Project Launched To Challenge Lack Of Diversity In NZ Primary Sector

Published: Wed 11 Aug 2021 05:06 PM
A new project is challenging the fact that New Zealand’s primary sector, led by large co-operative companies, has males in up to 80 percent of senior leadership roles, despite over 50 percent of graduates in agricultural fields being women.
Agribusiness entrepreneur Bridgit Hawkins has launched Fields Of Change to begin an important and overdue conversation about women’s leadership in agriculture, and to find out why the sector is missing a generation of women business leaders - which will impact its ability to remain world-leading and adapt even more rapidly to address climate change. The project also looks at the wider issue of diversity in the primary sector, with the challenges not just relating to gender.
The movement draws on Hawkins’ expertise across business, technology, science and social science to conduct expert analysis, informed conversations and research, with the goal of championing women in the sector and seeing more women advance to senior leadership roles.
Hawkins, who was the founder of agricultural technology solutions company Regen and Chief Sustainability Officer at CropX Technologies, says sustainability and diversity go hand in hand, and that female leadership is vital in cultivating a sector that is responsive to challenges and opportunities.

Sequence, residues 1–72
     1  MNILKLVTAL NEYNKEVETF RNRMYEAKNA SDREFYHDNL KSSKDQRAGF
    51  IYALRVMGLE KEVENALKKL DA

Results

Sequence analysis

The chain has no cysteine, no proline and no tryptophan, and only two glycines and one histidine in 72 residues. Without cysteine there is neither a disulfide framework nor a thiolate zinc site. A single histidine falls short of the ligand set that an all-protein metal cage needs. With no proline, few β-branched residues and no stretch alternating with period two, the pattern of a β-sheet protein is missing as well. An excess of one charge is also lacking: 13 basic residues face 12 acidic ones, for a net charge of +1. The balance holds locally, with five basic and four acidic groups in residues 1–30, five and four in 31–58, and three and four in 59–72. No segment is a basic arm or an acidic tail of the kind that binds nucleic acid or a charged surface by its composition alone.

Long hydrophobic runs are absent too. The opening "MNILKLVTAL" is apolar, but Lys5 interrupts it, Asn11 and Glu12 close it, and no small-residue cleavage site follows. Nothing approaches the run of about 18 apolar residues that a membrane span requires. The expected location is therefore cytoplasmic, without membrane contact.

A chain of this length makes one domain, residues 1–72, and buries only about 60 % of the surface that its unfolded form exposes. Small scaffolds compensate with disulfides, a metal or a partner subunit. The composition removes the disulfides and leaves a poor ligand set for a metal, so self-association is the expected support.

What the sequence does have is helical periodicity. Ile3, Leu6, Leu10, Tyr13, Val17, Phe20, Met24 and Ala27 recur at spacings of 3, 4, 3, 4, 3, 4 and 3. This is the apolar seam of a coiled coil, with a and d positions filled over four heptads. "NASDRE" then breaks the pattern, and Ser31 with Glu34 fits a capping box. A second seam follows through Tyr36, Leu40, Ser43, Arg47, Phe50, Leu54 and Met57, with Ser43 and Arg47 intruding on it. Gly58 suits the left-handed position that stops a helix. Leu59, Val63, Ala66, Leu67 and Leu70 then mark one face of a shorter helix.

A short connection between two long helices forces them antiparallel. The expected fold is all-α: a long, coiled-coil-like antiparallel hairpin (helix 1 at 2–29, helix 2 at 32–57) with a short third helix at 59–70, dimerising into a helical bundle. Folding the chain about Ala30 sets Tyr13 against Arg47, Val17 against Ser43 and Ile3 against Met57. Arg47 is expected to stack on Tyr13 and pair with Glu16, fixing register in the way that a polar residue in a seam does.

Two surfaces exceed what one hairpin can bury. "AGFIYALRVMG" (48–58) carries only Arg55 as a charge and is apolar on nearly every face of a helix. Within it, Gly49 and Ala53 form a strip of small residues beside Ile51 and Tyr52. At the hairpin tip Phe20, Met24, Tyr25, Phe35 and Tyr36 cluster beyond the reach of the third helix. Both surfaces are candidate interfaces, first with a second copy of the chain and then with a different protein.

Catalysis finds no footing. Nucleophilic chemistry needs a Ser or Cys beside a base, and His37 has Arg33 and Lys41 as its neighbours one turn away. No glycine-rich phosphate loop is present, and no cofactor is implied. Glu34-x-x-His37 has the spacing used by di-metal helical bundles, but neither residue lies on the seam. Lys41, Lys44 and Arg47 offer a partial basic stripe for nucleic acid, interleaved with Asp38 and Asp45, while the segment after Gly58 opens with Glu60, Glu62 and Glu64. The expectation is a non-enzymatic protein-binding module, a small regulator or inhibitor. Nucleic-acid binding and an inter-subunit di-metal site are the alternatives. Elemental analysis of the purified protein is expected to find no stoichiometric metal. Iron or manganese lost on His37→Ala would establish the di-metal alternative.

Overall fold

She says New Zealand is recognised on the world stage as being at the forefront of sustainability, but must keep pushing forward in order to remain there, demanding better from our leaders, farmers and co-ops.
“We must advocate for better opportunities for women, who tend to disappear within our agribusiness sector at middle management, hitting a ceiling and missing out on crucial pathways to executive leadership opportunities, where they could create positive change and have real impact in day-to-day operations,” says Bridgit Hawkins.
“If we accept the status quo is okay then we are leaving out 50 percent of the talent pool to help lead our businesses into an unprecedented time of change.”
“Drawing on collective expertise, insights and connections we are working to encourage a more inclusive sector, it is time for change and for it to match the progress other sectors have made”.
She says that while women hold some board roles in agribusiness, impact is limited as that is not where financial decision-making lies.
KPMG Global Head of Agribusiness Ian Proudfoot says there is a clear case for the importance of a deep bench of diverse, experienced executives to move the sector forward - something that is lacking today.
“We must resource industry leadership to change the momentum of morale in the sector and orientate focus towards the future,” Proudfoot says.
Fields Of Change has launched a multi-channel digital platform here, as well as a bi-annual forum for university graduates in agriculture. The project will gather the names of people interested in contributing to the important work it is undertaking, start conversations to collect data and kickstart research into why women exit, and how to change that.

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